In March 1990, L. Ling-chi Wang got on a plane to Washington, where he felt that his words were being twisted.
Mr. Wang, a professor at the University of California, Berkeley, had recently scored a victory when the school acknowledged it disproportionately hurt Asian-American applicants in its admissions, amid a wave of similar allegations of discrimination sweeping more than a dozen other universities.
But in Washington, Mr. Wang lobbied against a resolution introducedby a representative from California, Dana Rohrabacher, that called for the federal government to ramp up investigations into reports of such discrimination.
What troubled Mr. Wang, a strong supporter of affirmative action, was that Mr. Rohrabacher was claimingthat universities’ policies helped underrepresented black and Hispanic students get in while, as the congressman put it, squeezing Asian-Americans out.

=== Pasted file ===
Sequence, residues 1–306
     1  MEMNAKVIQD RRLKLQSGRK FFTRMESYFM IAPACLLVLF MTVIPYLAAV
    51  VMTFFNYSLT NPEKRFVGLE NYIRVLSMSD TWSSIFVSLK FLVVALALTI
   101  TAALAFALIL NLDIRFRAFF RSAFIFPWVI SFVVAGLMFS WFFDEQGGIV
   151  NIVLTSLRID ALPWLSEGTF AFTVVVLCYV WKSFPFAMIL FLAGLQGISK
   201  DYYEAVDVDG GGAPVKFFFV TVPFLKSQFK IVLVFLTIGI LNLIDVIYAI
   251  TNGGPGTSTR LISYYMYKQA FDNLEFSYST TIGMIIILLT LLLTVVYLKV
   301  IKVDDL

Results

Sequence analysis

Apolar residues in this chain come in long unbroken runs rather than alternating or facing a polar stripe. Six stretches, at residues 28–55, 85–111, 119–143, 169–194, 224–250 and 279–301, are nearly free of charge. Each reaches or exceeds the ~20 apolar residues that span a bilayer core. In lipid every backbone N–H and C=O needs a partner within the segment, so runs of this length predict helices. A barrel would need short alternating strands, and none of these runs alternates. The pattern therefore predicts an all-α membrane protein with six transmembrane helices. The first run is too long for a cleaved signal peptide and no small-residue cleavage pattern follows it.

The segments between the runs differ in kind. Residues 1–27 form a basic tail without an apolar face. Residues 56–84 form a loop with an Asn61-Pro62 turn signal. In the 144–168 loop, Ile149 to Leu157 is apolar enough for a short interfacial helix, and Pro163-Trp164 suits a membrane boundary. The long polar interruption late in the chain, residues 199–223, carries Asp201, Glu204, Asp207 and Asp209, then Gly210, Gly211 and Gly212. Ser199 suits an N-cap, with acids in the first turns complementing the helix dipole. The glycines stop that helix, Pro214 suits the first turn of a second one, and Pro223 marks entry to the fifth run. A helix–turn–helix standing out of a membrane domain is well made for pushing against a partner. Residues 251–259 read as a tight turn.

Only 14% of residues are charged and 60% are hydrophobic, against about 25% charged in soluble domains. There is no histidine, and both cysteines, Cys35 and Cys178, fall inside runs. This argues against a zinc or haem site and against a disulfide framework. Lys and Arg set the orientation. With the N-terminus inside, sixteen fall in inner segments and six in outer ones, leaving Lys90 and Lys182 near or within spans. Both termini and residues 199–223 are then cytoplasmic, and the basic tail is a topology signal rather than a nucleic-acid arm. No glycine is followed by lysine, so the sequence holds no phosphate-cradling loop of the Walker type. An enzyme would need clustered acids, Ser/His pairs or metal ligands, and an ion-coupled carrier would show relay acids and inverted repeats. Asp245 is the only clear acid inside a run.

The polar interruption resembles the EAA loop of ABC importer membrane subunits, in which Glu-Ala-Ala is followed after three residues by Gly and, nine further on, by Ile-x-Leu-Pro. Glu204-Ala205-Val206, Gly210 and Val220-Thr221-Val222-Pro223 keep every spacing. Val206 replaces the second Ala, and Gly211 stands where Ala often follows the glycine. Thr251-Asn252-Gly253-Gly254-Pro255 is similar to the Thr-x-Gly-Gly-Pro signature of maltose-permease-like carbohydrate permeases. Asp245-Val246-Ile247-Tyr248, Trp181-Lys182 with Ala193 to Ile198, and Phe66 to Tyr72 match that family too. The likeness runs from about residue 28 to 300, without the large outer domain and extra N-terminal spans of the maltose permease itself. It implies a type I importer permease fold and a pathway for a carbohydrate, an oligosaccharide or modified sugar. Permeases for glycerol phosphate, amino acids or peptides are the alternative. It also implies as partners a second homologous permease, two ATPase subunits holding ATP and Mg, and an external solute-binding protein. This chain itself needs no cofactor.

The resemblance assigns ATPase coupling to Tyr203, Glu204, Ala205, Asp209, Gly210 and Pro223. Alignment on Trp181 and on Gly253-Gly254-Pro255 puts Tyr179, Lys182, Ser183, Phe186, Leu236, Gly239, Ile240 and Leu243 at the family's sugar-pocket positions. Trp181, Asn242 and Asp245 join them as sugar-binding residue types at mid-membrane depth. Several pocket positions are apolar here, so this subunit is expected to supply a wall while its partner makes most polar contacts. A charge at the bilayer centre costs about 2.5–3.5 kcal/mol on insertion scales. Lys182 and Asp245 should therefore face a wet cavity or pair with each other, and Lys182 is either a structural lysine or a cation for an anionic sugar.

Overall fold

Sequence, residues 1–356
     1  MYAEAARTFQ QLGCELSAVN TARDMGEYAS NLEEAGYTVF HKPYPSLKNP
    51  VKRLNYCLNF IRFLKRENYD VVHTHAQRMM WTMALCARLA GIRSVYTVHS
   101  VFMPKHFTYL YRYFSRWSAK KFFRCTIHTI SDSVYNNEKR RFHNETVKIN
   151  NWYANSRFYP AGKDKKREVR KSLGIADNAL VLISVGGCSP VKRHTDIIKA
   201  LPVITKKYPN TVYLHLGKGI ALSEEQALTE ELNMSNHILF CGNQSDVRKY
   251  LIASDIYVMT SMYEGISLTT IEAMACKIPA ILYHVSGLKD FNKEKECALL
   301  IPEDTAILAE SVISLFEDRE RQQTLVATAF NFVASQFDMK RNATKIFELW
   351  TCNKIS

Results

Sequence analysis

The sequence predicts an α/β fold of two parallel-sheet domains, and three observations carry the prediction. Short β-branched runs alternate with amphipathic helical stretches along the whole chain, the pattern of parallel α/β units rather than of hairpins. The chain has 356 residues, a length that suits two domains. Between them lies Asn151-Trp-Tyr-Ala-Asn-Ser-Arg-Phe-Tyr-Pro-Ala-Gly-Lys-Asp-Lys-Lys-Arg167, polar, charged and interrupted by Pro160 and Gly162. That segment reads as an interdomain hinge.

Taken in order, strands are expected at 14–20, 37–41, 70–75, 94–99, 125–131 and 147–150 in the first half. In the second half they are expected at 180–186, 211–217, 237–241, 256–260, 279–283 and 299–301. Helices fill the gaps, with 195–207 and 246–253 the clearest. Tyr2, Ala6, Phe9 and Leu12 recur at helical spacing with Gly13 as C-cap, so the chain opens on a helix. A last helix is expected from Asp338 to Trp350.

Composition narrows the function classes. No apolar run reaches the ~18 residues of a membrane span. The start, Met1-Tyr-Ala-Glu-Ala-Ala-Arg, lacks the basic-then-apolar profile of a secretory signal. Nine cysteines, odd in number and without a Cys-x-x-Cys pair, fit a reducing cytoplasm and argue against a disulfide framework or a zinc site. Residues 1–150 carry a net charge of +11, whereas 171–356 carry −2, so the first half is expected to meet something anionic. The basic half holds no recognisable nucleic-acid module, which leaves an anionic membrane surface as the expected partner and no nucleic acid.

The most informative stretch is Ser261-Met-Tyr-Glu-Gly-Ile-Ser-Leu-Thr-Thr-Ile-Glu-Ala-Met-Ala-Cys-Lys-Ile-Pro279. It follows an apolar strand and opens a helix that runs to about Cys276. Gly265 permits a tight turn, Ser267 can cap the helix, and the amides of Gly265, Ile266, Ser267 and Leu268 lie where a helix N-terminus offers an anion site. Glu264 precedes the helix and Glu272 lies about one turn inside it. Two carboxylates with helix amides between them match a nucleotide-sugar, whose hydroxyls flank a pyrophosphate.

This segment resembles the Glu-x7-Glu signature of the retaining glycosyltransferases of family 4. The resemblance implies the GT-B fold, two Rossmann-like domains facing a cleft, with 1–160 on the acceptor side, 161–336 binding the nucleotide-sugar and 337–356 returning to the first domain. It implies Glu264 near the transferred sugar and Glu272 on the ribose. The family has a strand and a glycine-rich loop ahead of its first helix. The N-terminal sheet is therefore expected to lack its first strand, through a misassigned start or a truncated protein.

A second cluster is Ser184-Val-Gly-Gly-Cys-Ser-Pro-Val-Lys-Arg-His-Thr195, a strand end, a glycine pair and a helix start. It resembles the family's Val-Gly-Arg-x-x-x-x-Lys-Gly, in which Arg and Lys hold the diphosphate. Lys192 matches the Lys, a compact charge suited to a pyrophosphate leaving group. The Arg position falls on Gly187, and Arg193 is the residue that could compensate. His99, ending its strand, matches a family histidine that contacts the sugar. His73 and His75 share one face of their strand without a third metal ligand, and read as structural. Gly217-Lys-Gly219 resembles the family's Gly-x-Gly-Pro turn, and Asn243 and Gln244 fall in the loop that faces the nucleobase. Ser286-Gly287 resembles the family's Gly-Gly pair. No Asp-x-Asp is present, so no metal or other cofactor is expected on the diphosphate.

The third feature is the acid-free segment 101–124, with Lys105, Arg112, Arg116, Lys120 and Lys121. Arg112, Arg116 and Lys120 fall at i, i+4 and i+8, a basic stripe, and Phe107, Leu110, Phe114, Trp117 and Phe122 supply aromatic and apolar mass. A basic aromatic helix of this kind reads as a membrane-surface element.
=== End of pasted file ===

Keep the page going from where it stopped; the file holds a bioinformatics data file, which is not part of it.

“We feared that the resolution would pit Asian-Americans against other minorities and gut affirmative action as a tool for correcting past injustices,” Mr. Wang said in an interview.
When the resolution died, Mr. Wang felt vindicated.
The conflict, however, was far from over.
Thirty years later, Asian-Americans once again find themselves at the center of a fervent national debate on affirmative action that could reshape higher education in the country. The spotlight is on Harvard, where a lawsuit asserts that the university illegally limits the number of Asian-Americans admitted, judging them based on stereotypes such as being quiet and studious.
Harvard and Yale deny the claims. A number of elite universities filed a brief in support of Harvard, which argues that its ability to consider race in admissions helps it maintain a diverse student body.
If it were to eliminate the consideration of race, Harvard estimates that would cut the number of African-American, Hispanic and other underrepresented minorities by nearly half.